The effects of garlic (Allium sativum L., Liliaceae) dialysate were studied on arrhythmias induced in anaesthetized dogs and on isolated left rat atria. Garlic dialysate suppressed premature ventricular contractions (PVC) and ventricular tachycardia (VT) in ouabain-intoxicated dogs as well as the ectopic rhythms induced by isoprenaline (10(-6) M) and aconitine (10(-8) M) on electrically driven left rat atria. The effective refractory period (ERP) and the sinus node recovery time (SNRT) of isolated rat atria were prolonged in a dose-dependent manner by the administration of this extract. Garlic dialysate decreased the positive inotropic and chronotropic effects of isoprenaline in a concentration-dependent manner. These last effects were increased by propranolol. The results suggest that garlic dialysate has a significant antiarrhythmic effect in both ventricular and supraventricular arrhythmias.
Article
The antioxidant properties of three garlic preparations and organosulfur compounds in garlic have been determined. Aged garlic extract inhibited the emission of low level chemiluminescence and the early formation of thiobarbituric acid-reactive substances (TBA-RS) in liver microsomal fraction initiated by t-butyl hydroperoxide. However, the water extracts of raw and heat-treated garlic enhanced the emission of low level chemiluminescence. Among the variety of organosulfur compounds, S-allylcysteine (SAC) and S-allylmercaptocysteine (SAMC), the major organosulfur compounds found in aged garlic extract, showed radical scavenging activity in both chemiluminescence and 1,1-diphenyl-2-picrylhydrazyl (DPPH) assays, indicating that these compounds may play an important role in the antioxidative activity of aged garlic extract.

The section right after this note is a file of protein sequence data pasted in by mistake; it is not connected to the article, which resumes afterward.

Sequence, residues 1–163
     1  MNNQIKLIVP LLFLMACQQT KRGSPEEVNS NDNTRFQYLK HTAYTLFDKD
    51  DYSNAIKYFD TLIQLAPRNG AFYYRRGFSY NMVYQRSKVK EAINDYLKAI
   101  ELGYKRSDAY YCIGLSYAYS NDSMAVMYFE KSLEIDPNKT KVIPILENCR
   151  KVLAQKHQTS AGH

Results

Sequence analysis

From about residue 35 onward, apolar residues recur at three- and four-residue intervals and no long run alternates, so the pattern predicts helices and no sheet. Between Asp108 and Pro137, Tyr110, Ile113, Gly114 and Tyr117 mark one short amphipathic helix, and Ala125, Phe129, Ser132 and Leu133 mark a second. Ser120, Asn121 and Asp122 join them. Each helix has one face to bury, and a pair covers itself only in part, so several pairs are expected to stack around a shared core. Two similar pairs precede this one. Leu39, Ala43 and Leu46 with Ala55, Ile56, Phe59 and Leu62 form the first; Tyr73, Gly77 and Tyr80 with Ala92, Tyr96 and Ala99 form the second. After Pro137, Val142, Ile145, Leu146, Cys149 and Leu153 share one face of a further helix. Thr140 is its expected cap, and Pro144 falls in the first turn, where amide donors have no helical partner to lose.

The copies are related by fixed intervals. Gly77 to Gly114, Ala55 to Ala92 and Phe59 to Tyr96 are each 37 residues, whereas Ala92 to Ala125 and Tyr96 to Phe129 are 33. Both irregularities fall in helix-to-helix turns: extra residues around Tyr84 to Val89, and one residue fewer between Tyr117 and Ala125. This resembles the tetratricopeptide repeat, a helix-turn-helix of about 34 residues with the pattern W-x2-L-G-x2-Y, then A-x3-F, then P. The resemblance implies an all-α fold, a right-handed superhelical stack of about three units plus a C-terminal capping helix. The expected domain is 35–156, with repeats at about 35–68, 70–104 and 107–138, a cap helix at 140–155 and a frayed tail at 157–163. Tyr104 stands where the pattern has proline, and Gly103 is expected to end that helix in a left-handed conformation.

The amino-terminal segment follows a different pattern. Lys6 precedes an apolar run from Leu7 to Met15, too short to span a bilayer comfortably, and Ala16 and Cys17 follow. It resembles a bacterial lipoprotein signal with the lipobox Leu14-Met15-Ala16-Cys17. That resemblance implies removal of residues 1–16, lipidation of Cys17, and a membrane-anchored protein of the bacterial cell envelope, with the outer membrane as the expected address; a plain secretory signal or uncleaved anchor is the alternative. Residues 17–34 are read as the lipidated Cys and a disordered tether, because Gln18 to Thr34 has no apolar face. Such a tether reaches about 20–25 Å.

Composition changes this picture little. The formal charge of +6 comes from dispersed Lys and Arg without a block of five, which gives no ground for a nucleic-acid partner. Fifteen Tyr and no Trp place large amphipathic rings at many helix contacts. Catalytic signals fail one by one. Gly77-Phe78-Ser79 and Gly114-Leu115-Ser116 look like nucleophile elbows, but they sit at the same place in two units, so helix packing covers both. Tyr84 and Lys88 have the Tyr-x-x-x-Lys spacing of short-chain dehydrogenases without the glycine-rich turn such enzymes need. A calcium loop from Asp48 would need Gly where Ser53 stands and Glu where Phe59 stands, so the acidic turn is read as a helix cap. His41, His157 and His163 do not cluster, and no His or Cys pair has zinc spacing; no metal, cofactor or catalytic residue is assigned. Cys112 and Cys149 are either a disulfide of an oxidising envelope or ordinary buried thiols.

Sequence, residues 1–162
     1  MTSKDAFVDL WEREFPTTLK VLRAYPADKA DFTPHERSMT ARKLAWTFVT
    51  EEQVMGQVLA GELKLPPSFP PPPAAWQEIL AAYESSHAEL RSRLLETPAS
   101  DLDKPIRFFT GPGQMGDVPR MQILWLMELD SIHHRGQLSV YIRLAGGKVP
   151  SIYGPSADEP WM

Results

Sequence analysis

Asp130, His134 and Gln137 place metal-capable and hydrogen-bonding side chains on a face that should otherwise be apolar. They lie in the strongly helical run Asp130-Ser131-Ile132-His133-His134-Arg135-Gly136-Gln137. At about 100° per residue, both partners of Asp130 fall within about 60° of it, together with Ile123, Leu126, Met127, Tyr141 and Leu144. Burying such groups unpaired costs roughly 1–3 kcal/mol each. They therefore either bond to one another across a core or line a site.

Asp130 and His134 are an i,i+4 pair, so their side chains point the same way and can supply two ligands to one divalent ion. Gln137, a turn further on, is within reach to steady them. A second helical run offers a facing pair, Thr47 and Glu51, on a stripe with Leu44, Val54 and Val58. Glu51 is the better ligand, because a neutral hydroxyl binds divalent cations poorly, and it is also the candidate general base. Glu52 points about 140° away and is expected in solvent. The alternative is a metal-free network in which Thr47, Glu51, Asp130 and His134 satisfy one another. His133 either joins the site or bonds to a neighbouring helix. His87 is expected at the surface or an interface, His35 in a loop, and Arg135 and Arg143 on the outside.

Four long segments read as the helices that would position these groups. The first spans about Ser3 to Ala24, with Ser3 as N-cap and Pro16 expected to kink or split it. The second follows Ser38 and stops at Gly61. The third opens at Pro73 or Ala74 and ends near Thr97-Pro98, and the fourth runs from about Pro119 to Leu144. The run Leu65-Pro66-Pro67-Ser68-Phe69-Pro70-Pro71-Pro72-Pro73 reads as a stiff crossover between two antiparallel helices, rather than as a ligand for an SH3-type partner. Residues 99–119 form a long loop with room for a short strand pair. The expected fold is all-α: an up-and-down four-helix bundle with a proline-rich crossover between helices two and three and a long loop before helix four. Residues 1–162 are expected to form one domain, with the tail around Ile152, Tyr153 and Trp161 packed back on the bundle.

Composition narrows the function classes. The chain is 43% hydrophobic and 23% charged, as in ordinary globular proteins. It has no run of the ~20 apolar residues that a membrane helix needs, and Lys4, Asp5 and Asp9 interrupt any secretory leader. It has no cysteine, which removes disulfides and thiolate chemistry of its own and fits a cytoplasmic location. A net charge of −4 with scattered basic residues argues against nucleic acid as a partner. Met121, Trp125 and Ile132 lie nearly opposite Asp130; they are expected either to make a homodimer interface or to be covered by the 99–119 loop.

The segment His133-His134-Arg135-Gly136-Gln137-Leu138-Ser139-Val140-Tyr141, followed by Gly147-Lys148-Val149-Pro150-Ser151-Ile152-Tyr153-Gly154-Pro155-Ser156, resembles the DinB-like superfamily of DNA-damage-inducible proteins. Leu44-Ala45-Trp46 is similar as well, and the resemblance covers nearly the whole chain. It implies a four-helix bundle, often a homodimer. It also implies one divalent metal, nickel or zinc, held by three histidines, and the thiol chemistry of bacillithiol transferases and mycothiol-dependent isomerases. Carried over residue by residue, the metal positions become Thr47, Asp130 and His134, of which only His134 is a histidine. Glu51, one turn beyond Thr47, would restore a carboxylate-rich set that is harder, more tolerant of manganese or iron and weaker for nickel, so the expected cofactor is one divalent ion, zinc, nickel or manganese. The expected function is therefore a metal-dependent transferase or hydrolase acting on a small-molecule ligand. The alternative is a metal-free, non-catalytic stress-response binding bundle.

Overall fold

Article
Screening of 132 extracts from Argentine folk-medicinal plants for antimicrobial activity has been conducted using a penicillin G resistant strain of Staphylococcus aureus, Escherichia coli and Aspergillus niger as test microorganisms. Cephazolin, ampicillin and miconazole were used as standard antibiotics and concentration-response curves were obtained using the agar-well diffusion method. Boiling water extracts of plant materials were tested and 12 species were active against Staphylococcus aureus, whereas 10 were effective against Escherichia coli and 4 against Aspergillus niger. Tabebuia impetiginosa bark, Achyrocline sp. aerials parts, Larrea divaricata leaves, Rosa borboniana flowers, Punica granatum fruit pericarp, Psidium guineense fruit pericarp, Lithrea ternifolia leaves and Allium sativum bulbs produced some of the more active extracts.